Another witness, Mr. Joseph Van Name, representing the National Electrical Safety Code Committee, Working Group 8, and the Line Maintenance Group of the Pennsylvania-New Jersey-Maryland Interconnection, testified about the technical basis upon which minimum approach distances rely (LA Tr. 471-510). He explained that the technical basis for determining the distance needed to protect against sparkover and flashover (types of disruptive discharge(60)) is contained in the IEEE Guide for Maintenance Methods on Energized Power-Lines, ANSI/IEEE Std. 516-1987 (Ex. 60; LA Tr. 491). He described the procedure as follows:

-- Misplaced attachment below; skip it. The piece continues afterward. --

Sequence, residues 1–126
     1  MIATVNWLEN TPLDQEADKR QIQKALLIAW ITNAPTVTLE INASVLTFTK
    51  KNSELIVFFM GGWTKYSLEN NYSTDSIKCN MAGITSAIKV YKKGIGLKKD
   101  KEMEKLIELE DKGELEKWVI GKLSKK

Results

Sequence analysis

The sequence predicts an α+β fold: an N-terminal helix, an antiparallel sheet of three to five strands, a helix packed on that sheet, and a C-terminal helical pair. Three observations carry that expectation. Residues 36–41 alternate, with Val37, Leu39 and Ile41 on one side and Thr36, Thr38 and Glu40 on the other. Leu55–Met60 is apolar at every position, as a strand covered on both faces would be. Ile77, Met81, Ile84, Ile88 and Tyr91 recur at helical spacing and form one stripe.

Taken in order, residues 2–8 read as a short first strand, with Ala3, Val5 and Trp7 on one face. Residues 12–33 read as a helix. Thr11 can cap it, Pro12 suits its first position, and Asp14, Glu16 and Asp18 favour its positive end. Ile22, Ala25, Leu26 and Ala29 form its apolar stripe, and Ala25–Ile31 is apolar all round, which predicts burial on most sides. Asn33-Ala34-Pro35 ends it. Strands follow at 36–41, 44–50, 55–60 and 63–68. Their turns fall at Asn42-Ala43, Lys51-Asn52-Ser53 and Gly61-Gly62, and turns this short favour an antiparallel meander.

Footnote(60) Disruptive discharge" means the phenomena associated with the failure of insulation, under electric stress, that include a collapse of voltage and the passage of current; the term applies to electrical breakdown in solid, liquid, and gaseous dielectrics and combinations of these. Terms relating to various types of disruptive discharge include "sparkover", "flashover", and "puncture". "Sparkover" is the term used for a disruptive discharge occurring in a gaseous or liquid dielectric. "Flashover" is the term used for a discharge occurring over the surface of a solid dielectric in a gaseous or liquid medium. "Puncture" is the term used for the discharge occurring through a solid dielectric. (These definitions were taken from Ex. 8-2. These terms were also explained by Mr. Van Name at LA Tr. 486.) The term "sparkover" generally applies to a breakdown that occurs when an employee is using air as an insulating medium; "flashover" usually applies when he or she is using a live-line tool and a breakdown occurs. 2b1af7f3a8